A human society is a group of people related to each other through continued relations, or a large social grouping sharing the same geographical or virtual territory, same interests, subject to the same political authority and dominant cultural expectations. Human societies are characterized by patterns of relationships (social relations) between individuals who share a distinctive culture and institutions. A given society may be described as the sum total of such relationships among its constituent members. In the social sciences, a larger society often evinces stratification and/or dominance patterns in subgroups.
In so far as it is collaborative, a society can enable its members to benefit in ways that would not otherwise be possible on an individual basis; both individual and social (common) benefits can thus be distinguished, or in many cases found to overlap. A society can also consist of like-minded people governed by their own norms and values within a dominant, larger society. This is sometimes referred to as a subculture, a term used extensively within criminology: an organized group working together having a common interests, beliefs, or profession.
More broadly, a society may be described as an economic, social, or industrial infrastructure, made up of a varied collection of individuals or subgroups. Members of a society may be from different ethnic groups. A society can be a particular ethnic group, such as the Saxons; a nation state, such as Bhutan; or a broader cultural group, such as a Western society. The word society may also refer to an organized voluntary association of people for religious, benevolent, cultural, scientific, political, patriotic, or other purposes. A "society" may also be a group of social organisms such as an ant colony, or any cooperative aggregate such as, for example, in some formulations of artificial intelligence.
is the capacity to endure through renewal, maintenance, and sustenance, or nourishment, in contrast to durability, the capacity to endure through unchanging resistance to change. For humans in social systems or ecosystems, sustainability is the long-term maintenance of responsibility, which has environmental, economic, and social dimensions, and encompasses the concept of stewardship
, the responsible management of resource use
. In ecology
, sustainability describes how biological systems remain diverse
, robust, and productive over time, a necessary precondition for the well-being of humans and other organisms
. Long-lived and healthy wetlands
are examples of sustainable biological systems. Robust, diverse, productive ecosystems
and environments provide vital resources and processes (known as "ecosystem services
"). There are two major ways of managing human impact on ecosystem services. One approach is environmental management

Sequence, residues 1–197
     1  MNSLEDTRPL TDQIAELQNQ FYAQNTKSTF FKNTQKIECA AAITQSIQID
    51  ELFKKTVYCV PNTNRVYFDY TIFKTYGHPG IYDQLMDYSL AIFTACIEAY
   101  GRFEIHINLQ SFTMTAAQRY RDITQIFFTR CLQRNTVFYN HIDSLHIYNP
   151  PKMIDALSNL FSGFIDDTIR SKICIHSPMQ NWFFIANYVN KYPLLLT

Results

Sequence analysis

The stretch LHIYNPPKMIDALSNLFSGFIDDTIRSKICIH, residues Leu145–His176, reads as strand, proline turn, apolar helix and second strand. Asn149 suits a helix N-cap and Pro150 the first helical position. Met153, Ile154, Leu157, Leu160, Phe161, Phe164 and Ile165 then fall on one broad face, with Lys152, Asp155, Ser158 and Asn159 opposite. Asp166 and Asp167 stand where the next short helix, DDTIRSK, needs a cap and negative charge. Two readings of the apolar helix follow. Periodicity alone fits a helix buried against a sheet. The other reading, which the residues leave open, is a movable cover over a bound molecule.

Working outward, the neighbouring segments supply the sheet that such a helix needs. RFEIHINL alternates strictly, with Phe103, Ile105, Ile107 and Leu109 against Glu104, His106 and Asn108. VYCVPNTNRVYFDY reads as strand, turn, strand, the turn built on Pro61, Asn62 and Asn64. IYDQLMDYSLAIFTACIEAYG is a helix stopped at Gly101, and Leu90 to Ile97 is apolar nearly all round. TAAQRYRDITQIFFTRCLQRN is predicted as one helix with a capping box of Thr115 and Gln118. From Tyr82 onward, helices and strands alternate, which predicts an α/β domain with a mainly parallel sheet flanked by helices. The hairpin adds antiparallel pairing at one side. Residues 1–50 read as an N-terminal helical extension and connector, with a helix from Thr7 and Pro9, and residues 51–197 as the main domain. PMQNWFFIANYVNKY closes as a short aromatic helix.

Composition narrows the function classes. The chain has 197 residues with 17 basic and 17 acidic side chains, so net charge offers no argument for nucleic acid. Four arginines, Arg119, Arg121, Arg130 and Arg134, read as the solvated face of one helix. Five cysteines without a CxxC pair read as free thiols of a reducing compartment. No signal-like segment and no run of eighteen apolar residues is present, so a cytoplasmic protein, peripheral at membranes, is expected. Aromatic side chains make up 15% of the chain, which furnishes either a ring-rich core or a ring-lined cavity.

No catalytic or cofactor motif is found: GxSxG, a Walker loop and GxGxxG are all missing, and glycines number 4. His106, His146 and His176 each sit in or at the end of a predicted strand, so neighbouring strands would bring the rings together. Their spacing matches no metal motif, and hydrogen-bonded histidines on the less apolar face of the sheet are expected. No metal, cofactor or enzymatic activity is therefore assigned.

; this approach is based largely on information gained from educated professionals in earth science
, environmental science
, and conservation biology
. Another approach is management of consumption
of resources, which is based largely on information gained from educated professionals in economics
The Ambassadors (1533) is a painting by Hans Holbein the Younger in the National Gallery, London. As well as being a double portrait, the painting contains a still life of several meticulously rendered objects, the meaning of which is the cause of much debate. The most notable and famous of Holbein's symbols in the work is the skewed skull, rendered in anamorphic perspective, which is placed in the painting's bottom centre. It is meant to be a visual puzzle as the viewer must approach the painting nearly from the side to see the form morph into an accurate rendering of a human skull.
was a prominent Athenian
statesman, orator, and general. The last famous member of an aristocratic family that fell from prominence after the Peloponnesian War
, he played a major role in the second half of that conflict as a strategic advisor, military commander, and politician. During the course of the Peloponnesian War, Alcibiades changed his allegiance on several occasions. In his native Athens in the early 410s BC, he advocated for an aggressive foreign policy, and was a prominent proponent of the Sicilian Expedition
, but fled to Sparta
after his political enemies brought charges of sacrilege against him. In the years that he served Sparta, Alcibiades played a crucial role in Athens' undoing; the capture of Decelea
and the revolts of several critical Athenian subjects occurred either at his suggestion or under his supervision. Once restored to his native city, however, he played a crucial role in a string of Athenian victories that eventually brought Sparta to seek a peace with Athens. He favored unconventional tactics, frequently winning cities over by treachery or negotiation rather than by siege. Alcibiades' military and political talents frequently proved valuable to whichever state currently held his allegiance, but his capacity for making powerful enemies ensured that he never remained in one place for long, and, by the end of the war that he had helped rekindle in the early 410s, his days of political relevance were a bygone memory.
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